Math 398 -- Math in the City
Fall 2008

Instructor:   Petronela Radu (Office: Avery Hall 239   Phone: 472-9130)
                        E-mail: pradu@math.unl.edu
                    Office Hours: Monday 2:30 - 4:00 pm ; Tuesday 12:00 -2:00; or by appointment
Schedule of classes: MWF 1:30 -- 2:20  Oldfather Hall 204

Info about the course:
This is a modeling course offered to math and non-math majors and it is run in collaboration with local
businesses, research or administrative centers in town. The course has two components: one which revolves
around the lectures (the homeworks and the exam will be based on this material) and the second is
the project
. In order to complete the course you need to perform well on each component.


The mathematical content of the course will revolve around modeling. Using simple analysis one can give
fairly good estimates to questions like: How tall can a mountain be? How many cobblers are in the United
States? How much warmer is a densely populated urban area than the surrounding countryside? (questions
solved in John Harte's books: Consider a Spherical Cow and Consider a Cylindrical Cow). In the process, we
will learn more on probablity and statistics, differential equations, linear optimization, physical sciences,
and even some programming (Maple).

The difficulty of the topics will be perceived differently by students; each of you will discover that it
depends a lot on your background, the way you think and communicate in mathematics. The discussions
will be more beneficial if you keep up with the material on a day-to-day basis. Do not hesitate to ask
questions in or outside the class whenever in doubt about an argument, notation, etc. At the end of this
course a successful student will not only have performed very well on the tasks during the semester,
but s/he will be able to approach other real life problems that involve mathematics with more confidence.

The course was awarded a University ITLE grant in 2007.

References for the course:
   John Harte: Consider a Spherical Cow, A Course in Environmental Problem Solving
   John Harte: Consider a Cylindrical Cow, More Adventures in Environmental Problem Solving
    

The Project: In partnership with the Jim Dyck and Deb Hansen from The Architectural Partnership we will focus
on qualitative and quantitative features in sustainable design. As models for our investigation we will use two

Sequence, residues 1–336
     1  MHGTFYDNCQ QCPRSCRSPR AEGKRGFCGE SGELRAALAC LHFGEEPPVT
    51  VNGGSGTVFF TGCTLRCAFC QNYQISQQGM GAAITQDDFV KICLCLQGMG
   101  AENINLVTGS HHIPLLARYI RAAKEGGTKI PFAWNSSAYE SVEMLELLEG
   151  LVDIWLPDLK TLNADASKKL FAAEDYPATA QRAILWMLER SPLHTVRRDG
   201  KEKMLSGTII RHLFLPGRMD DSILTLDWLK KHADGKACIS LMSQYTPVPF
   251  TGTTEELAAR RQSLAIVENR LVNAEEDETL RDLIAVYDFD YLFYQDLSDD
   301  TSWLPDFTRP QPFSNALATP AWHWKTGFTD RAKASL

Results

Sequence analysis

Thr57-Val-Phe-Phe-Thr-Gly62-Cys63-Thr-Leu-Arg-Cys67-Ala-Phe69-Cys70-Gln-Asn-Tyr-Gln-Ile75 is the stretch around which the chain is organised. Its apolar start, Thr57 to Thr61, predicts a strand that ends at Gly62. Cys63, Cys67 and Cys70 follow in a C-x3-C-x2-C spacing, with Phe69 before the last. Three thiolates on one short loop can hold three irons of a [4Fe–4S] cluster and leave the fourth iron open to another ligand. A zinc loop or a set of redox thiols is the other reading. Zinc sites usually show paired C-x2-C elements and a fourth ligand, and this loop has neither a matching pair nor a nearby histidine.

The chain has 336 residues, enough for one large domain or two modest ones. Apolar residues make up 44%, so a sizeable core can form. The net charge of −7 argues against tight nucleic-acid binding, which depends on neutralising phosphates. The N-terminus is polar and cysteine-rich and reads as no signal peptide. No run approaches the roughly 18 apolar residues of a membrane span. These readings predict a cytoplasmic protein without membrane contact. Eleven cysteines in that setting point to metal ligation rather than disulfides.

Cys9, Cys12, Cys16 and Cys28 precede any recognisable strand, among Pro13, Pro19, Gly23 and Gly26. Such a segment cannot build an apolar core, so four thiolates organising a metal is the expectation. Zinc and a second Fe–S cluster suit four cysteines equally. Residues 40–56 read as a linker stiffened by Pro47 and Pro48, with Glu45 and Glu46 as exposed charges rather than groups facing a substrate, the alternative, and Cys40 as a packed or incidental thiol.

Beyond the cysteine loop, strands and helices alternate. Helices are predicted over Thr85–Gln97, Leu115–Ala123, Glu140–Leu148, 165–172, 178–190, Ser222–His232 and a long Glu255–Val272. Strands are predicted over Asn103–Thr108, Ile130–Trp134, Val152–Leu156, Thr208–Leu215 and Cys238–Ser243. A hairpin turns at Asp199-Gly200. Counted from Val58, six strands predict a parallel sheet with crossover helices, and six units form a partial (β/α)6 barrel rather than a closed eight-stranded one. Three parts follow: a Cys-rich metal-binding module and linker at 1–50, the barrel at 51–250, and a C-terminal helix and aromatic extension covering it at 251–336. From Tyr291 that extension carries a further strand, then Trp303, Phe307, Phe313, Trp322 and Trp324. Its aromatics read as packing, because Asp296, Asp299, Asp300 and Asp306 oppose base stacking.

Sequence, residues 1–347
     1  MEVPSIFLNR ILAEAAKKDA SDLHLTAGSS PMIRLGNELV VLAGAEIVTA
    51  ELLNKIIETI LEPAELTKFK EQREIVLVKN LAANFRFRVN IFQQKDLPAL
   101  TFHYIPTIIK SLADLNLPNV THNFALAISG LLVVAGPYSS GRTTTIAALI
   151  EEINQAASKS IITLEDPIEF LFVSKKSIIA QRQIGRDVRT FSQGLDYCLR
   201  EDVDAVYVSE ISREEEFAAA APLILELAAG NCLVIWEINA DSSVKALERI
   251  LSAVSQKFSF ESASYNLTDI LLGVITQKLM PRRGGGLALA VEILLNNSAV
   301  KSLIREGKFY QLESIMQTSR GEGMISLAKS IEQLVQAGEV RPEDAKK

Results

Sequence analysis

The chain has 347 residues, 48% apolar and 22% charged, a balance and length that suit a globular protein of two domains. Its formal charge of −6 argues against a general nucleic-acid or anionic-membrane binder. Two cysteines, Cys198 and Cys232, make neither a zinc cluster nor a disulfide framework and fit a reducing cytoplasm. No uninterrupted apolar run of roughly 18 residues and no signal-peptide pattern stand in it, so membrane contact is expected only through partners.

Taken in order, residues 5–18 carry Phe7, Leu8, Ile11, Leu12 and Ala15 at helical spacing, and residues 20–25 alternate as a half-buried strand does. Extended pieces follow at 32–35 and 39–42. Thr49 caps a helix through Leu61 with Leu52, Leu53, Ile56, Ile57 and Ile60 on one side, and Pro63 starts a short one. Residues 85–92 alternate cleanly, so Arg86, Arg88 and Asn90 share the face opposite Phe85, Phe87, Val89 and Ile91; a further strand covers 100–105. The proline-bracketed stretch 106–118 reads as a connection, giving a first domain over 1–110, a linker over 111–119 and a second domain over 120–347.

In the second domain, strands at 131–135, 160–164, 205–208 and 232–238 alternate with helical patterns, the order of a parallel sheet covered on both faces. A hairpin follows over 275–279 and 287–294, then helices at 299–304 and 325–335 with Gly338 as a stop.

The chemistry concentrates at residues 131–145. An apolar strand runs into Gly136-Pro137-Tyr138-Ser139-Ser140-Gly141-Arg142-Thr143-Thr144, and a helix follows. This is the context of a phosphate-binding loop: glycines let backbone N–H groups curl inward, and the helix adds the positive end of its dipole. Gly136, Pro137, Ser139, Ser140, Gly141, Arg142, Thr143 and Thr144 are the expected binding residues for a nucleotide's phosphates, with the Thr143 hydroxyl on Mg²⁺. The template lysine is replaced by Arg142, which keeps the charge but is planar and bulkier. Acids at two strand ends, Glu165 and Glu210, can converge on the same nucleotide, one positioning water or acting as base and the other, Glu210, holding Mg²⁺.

green buildings:  the Earth House from the Prairie Hill Learning Center and the Nature Center from the Pioneers Park.

Outline for the project

Project Members:

The Prairie Hill Learning Center :

Dichele Jackson       
Josh Lindsteadt
Sarah Scofield

Brianna Pinquoch

The Nature Center:

The Costs/Savings Group:

Jordan Dudzinski
Logan Dudzinski
Christie Shaw
Matthew Troupe
   

The Green Group:
Miranda Chrastil
Jennifer Determan
Rachael Farrar


Resources for the projects:
  United States Green Building Council
  Nebraska Green Buildings and Homes
  Capital-E  - Costs and Benefits for Greening America's Schools
 
Before writing your final essay for the class you may wish to consult the following resources:

Resource 1  Resource 2


Guidelines for grading the project:

    20 points for the mathematical content  - correct formulas and arguments, complete explanations
    10 points for good/steady progress during the semester (accomplishing the tasks on time, meeting with your
        colleagues every week to work on the project, full participation with remarks and questions during the
        meetings will invariably lead to a very good turn out for your efforts)
    15 points for esthetical aspect (use of graphs, diagrams, colors) and organization
      5 points for presenting the novelty and the significance of the work (any research that was done on the
         subject, new methods, programming skills that you learnt while working on the project, emphasize the
         importance of the work).
   Total: 50 points 
   Each project should have 3 parts. The Introduction will contain a project description, an outline of the
   methods used, and the significance of the work. In the Main Body you will include the work: a set-up
   of the problem, the hypothesis, the arguments, and the steps taken to solve the problem. The
   conclusions will contain the final results and their interpretation. All participants in a group project will
   get the same grade, so it is important that each person in the group participate fully and equally.
 
  Homework: The homework will be announced in class and posted on the web. You are encouraged
  to discuss the problems with your colleagues, but you have to write your own solutions.

  Homework 1

  Your grades will be posted on Blackboard.

  Oral Presentations.  At the end of the semester students will be required to give a presentation of their
  work. This will be a collective effort such that every person will have the chance to do a slide presentation
  with the results of their project. These group presentations will be scheduled on the last week of classes and
  will be free to the public (faculty, graduate, and undergraduate students will be invited).
 
  Exam:
There will be a two-hour in-class exam for this course covering the topics discussed during the
  lectures.

  Assessment:  Your final grade will be computed based on the follwing scheme.
                        50 % Project
                        25 % Exam
                              15 % Homeworks
                        10 % Oral Presentations
  Honor Code: Some of your work during the course will be done individually, while some will be
  collaborative. I expect you to acknowledge the help you have received from your colleagues, outside
  friends, or me on homework assignments. I will assume that you will adhere to the UNL Policy on
 Academic Honesty.